APR's stage 3 turbo upgrade for the 2.0T is expected to be available in spring '07. The engineering team had developed the kit using only its in-house expertise and equipment. "Even before we were selected for the Challenge, we planned to produce a turbo kit for the 2.0T," Chris elaborated. "The SEMA opportunity gave us a kick in the pants because the project had to be completed sooner than we'd ever done in the past. It was the quickest turnaround on a turbo kit in the history of our company."
Although development was carried out at an astonishingly fast pace, reliability and drivability remained APR's top priorities. The existing APR K04 kit for the 2.0T gave the engineers an excellent starting point, but essentially none of the hardware was carried over. What they learned most was the need to increase fuel flow. "By seeing what we were able to produce with the K04 (300hp, 323 lb/ft), it gave us an indication of what we knew we could get from a big turbo," Chris explained. "What it came down to was how to manipulate the fuel. The FSI motor wasn't like anything in the industry and was one of the biggest hurdles to overcome. FSI cars have a tremendous amount of fuel pressure, making them very sensitive and resulting in problems if the changes were incorrect. Fixing the fuel problem was the key to gaining power."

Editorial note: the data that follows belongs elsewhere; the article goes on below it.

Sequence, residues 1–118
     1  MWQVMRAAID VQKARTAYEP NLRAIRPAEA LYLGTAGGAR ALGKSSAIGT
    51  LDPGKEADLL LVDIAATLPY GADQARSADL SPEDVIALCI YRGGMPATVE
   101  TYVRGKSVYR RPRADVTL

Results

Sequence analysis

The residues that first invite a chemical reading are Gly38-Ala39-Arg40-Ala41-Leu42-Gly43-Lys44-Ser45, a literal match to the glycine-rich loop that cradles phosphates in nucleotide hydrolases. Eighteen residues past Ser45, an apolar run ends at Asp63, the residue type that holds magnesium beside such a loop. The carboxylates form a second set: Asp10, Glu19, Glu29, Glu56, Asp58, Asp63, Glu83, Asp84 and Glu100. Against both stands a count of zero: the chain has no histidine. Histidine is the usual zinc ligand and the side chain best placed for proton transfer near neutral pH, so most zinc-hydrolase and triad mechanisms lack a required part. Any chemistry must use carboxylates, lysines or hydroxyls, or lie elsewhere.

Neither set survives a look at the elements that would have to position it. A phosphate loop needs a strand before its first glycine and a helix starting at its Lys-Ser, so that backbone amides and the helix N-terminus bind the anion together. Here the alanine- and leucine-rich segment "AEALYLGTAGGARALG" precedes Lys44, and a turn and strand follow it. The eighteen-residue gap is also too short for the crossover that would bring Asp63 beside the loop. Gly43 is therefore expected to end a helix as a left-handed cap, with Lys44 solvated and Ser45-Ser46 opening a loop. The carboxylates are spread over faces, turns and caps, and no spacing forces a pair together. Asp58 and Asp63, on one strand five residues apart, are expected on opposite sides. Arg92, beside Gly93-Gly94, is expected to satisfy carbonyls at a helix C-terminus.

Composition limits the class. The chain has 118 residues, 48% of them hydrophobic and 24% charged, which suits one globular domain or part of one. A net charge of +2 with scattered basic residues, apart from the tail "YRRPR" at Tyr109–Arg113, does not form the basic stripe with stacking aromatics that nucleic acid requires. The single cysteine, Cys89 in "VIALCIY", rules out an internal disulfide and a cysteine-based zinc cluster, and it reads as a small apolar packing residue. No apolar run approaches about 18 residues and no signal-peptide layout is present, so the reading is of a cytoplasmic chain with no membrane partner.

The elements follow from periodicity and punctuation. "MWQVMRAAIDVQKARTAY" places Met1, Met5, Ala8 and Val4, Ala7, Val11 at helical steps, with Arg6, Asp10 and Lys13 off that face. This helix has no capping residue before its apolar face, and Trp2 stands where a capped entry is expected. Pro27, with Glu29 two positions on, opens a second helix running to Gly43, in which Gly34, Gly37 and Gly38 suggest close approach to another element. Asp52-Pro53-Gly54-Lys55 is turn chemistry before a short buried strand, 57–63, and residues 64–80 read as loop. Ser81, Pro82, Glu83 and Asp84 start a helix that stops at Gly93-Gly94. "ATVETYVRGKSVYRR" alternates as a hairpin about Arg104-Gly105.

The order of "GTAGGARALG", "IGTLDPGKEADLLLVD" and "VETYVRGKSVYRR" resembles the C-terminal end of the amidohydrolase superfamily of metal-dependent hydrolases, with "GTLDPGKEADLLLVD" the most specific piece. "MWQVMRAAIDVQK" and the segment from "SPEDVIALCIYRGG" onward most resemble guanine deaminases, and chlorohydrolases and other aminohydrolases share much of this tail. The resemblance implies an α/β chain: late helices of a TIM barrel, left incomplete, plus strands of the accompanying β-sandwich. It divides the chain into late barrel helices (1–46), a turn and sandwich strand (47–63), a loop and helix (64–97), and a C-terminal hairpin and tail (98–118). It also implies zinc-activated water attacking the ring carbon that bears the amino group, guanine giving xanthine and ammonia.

Once APR identified the obstacle, the engineers made haste to rectify it. "We had to find specific injectors," Chris admitted, "but there weren't any available in the time frame we had. Basically, we took the stock injectors and reworked them. It was a lengthy process."
Injectors were one part of the problem but APR also had to deal with the fuel pump. "For the 2.0T FSI, a mechanical pump on the head controls the amount of fuel that reaches the injectors," Chris explained. "Hitachi-made the fuel pump but didn't have any upgrade options at the time. We contacted them several times, but they had nothing that would work."